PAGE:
Clearly these different sources define the role very differently. The takeaway is that you shouldn't rely on these sources when you're trying to figure out what a medical practice manager salary looks like in your area. Instead, read through actual local job listings and see what employers are actually paying.
Given the above, take this section with a grain of salt. What we know definitively about salary trends across industries is that professionals with master's degrees tend to earn more than those with bachelor's degrees, but how much more can vary considerably by field. Salary.com is one of the few sources that reports on how degrees affect salary, and according to the site:
Clearly, you may not earn more in this role with an advanced degree. That said, you may be able to transition to an administrative or executive position in health services management that pays a lot more once you have a master's degree.
Medical practice managers in different settings may have the same job description but do very different things.
The US Bureau of Labor Statistics doesn't track median annual wages for medical practice managers specifically, but it does track pay for medical and health services managers. Healthcare administration professionals in government workplaces ($110,460) and in hospitals ($108,730) tend to earn the most. You'll find the next-highest medical practice manager salaries in outpatient care centers ($92,390) and doctors' offices ($90,920).
There are a number of certifications for professionals in healthcare management, and these can definitely boost a medical practice manager salary. According to the APPC's 2018 Salary Survey, most professionals working in the business side of healthcare earn just over $50,000 while Certified Physician Practice Managers (CPPMs) earn nearly $70,000. Certified Medical Practice Executives (CMPEs) and Fellows (FACMPEs) typically make about $6,000 more than their uncertified colleagues.
There are other certifications for medical practice managers that may increase salaries. They include:
Where you work can have a pretty big impact on salary when you're a medical practice manager. In New York, you could earn $75,000 or more. Medical practice manager salaries in Massachusetts, New Hampshire, Maryland, and Hawaii are also relatively high. Your salary will likely be a lot smaller in North Carolina, Florida, Missouri, and Mississippi. The number on your paycheck isn't all you need to think about, though. A lower-paying position in Alabama might have amazing benefits. In addition, the cost of living might be so low that a smaller salary goes a lot further there than a much larger salary in a more expensive state.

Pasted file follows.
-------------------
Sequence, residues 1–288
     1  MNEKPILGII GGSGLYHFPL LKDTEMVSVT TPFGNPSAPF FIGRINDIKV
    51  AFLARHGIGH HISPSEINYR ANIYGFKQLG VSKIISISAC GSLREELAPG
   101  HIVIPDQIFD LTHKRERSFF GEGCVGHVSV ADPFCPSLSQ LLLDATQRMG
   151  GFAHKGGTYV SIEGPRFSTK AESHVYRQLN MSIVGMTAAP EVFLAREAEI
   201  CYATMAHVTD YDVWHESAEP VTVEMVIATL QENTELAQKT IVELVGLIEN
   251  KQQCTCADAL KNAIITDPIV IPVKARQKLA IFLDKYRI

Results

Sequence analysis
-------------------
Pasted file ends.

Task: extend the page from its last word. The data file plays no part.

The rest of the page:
Some do, and some don't. The reason it's impossible to give a hard answer to this question is that practice managers who work on a contract basis can set their own rates, so the income range is a lot bigger. According to Glassdoor, the average medical practice management consultant earns about $100,000 a year, but a medical practice administrator working on a contract basis might charge as little as $75 per hour or more than $400 per hour (depending on what the market will support and factors like work experience and expertise). Your total compensation when you become a medical practice management consultant may also fluctuate from year to year, making it even harder to determine whether you'll earn more as a consultant than in an in-house position.
If you really like the idea of setting out on your own as a consultant, the best thing you can do to maximize your average annual salary is to specialize. Independent medical practice administrators with experience tackling tough operations, medical billing, finance, human resources, or growth issues may be able to charge more.
There are plenty of ways to boost a medical practice manager salary. Make sure you achieve the highest level of education you possibly can, whether that's a bachelor's degree in health services management or a master's degree in healthcare administration. Pursuing health services management certifications and continuing education even when they're not required by your employer can also help you earn more than the median salary.
Remember, too, that the average annual medical practice manager salary differs by state and by work setting, so chances are you'll earn more money in this role if you can be flexible when applying for jobs. And finally, just keep working hard. As is the case in most fields, managers and administrators in medical and health services tend to earn more money as they gain experience. Sometimes time is the best salary booster of all.